How to Choose Safe Containers for DIY Skin Care Recipes

safe containers for DIY skin care recipes
So you’re the DIY Queen with your natural, homemade skin care brews, huh? The next step is choosing safe containers that don’t contaminate your recipe!
How to Choose Safe Containers for DIY Skincare Recipes

So you’ve become the DIY Queen with your natural, homemade skin care brews, huh?  Good for you! So the next step is choosing safe containers that don’t contaminate your non-toxic recipe, but his part can be a little tricky – especially if you're using essential oils. We'll have you headed in the right direction with a few quick steps!

Choosing Safe Containers for Your Specific Recipe

Choose glass containers and spray bottles when they won’t be stored around the sink, tub or in the diaper bag, and can be kept safely out of little hands.  Glass is non-porous and will hold up to pretty much any ingredient. Stainless steel works really well for many recipes too.

Glass and Stainless Steel Containers

Tins With No Liner

You can also use tin containers (not to be confused with aluminum) for recipes without potent essential oils, but be aware they are often lined with some sort of epoxy just like aluminum water bottles.

Polypropylene and HDPE Containers

When you need a less breakable option and stainless steel just won't cut it, choose containers made from HDPE (#2) or polypropylene (#5) for basic mixtures with mild essential oils. It's always a good idea to do compatibility testing before buying plastic containers in bulk. You'll know it's incompatible if the container begins to leak or changes in shape or color after 24 hours or so.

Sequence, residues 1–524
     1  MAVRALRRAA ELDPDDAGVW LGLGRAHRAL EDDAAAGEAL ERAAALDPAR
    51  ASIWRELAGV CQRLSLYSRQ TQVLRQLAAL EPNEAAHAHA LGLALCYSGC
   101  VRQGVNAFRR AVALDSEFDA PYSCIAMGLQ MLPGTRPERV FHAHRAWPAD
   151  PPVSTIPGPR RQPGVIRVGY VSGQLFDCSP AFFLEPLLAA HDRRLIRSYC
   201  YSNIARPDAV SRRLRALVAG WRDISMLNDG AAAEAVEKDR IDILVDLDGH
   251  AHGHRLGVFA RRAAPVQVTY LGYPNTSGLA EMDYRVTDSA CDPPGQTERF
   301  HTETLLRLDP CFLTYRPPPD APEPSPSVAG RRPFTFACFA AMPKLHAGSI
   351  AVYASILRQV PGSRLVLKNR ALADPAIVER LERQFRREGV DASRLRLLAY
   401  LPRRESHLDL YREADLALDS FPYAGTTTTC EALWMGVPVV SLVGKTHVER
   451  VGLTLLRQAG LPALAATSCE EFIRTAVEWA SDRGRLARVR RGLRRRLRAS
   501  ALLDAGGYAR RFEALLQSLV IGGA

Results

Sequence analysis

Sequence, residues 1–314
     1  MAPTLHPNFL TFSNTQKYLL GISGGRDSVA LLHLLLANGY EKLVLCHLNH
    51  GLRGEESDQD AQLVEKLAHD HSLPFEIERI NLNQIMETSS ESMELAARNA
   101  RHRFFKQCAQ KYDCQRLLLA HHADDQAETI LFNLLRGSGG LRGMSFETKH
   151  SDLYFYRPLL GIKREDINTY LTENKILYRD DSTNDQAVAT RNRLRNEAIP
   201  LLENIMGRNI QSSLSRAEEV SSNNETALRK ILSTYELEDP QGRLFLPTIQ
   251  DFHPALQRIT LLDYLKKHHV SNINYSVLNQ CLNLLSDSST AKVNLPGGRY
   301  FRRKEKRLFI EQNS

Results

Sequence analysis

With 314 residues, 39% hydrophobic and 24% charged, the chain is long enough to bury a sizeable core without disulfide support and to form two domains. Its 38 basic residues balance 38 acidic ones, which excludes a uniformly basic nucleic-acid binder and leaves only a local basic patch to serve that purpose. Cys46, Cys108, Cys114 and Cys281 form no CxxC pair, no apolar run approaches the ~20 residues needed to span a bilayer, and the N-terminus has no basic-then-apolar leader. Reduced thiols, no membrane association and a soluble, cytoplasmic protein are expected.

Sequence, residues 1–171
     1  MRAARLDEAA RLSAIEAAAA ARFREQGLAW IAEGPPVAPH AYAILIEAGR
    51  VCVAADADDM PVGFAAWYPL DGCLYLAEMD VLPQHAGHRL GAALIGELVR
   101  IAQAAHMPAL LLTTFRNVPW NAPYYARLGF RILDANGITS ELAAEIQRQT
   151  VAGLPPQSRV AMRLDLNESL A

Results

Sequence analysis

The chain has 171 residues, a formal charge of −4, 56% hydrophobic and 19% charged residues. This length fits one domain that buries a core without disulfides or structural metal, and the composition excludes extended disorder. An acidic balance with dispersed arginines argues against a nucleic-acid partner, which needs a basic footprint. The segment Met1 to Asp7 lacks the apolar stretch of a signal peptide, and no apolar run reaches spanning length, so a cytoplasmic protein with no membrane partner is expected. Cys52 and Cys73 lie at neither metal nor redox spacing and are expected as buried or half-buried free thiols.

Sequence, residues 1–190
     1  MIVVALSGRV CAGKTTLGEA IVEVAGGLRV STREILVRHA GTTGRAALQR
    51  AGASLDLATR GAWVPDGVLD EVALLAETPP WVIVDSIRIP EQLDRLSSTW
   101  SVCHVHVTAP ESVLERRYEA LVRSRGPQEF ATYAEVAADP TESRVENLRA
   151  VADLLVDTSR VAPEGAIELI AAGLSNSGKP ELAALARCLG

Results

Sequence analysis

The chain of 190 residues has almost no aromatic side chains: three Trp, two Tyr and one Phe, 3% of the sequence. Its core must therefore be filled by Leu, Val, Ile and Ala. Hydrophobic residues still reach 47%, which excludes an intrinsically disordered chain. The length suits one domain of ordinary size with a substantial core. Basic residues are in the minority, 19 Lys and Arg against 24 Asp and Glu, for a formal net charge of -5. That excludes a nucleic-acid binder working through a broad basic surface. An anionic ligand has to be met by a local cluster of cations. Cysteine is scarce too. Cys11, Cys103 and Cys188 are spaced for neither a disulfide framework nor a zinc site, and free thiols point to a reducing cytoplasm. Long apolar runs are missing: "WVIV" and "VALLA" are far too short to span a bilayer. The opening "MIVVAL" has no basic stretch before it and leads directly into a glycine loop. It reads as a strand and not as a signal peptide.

Durable + Safe Containers for More Potent Essential Oil Recipes

Some essential oils (especially citrus oils) have a chemical composition that is known to interfere with the chemistry of some plastics and metals, causing them to break down or rust.  Consider using PET (#1) jars for these recipes instead – even when diluted pretty thoroughly with a carrier oil.

PET has been shown to handle skincare products containing essential oils remarkably well because it has a high permeability resistance rating.  PET bottles should be replaced/recycled if they begin to show any signs of breakdown (leaking, warping or changing color).

Additional Cautions

  • Stay away from polystyrene containers and PVC tubes (often used for foundation or lip gloss, usually flexible).
  • Undiluted essentials oils should always be stored in glass, never in plastic.
  • Plastic containers may absorb the essential oil scent, so they will probably have to be used for cosmetics from that point on.
  • It's best not to use spatulas made from rubber or TPR, because the essential oils will ruin them.

Learn more about Decoding the Mystery of Safer vs Toxic Plastic here.

11 comments
  1. Glass bottles and plastic spray tops don’t always match. Many times, the “matching” spray top has a different thread size and the contents will leak as a result unless the bottle is always upright and never shaken (which is impossible if the product contains EOs). Sometimes they will match up good enough if there’s a liner inside the spray top, but many times they won’t–even when a liner is present. I wondered if wrapping pipe tape around the threads of the bottles would fix the leak, so I tried it and it does help as far as I can tell. I use the yellow tape since it’s made for use around chemicals (it’s for gas lines), because essential oils are really strong.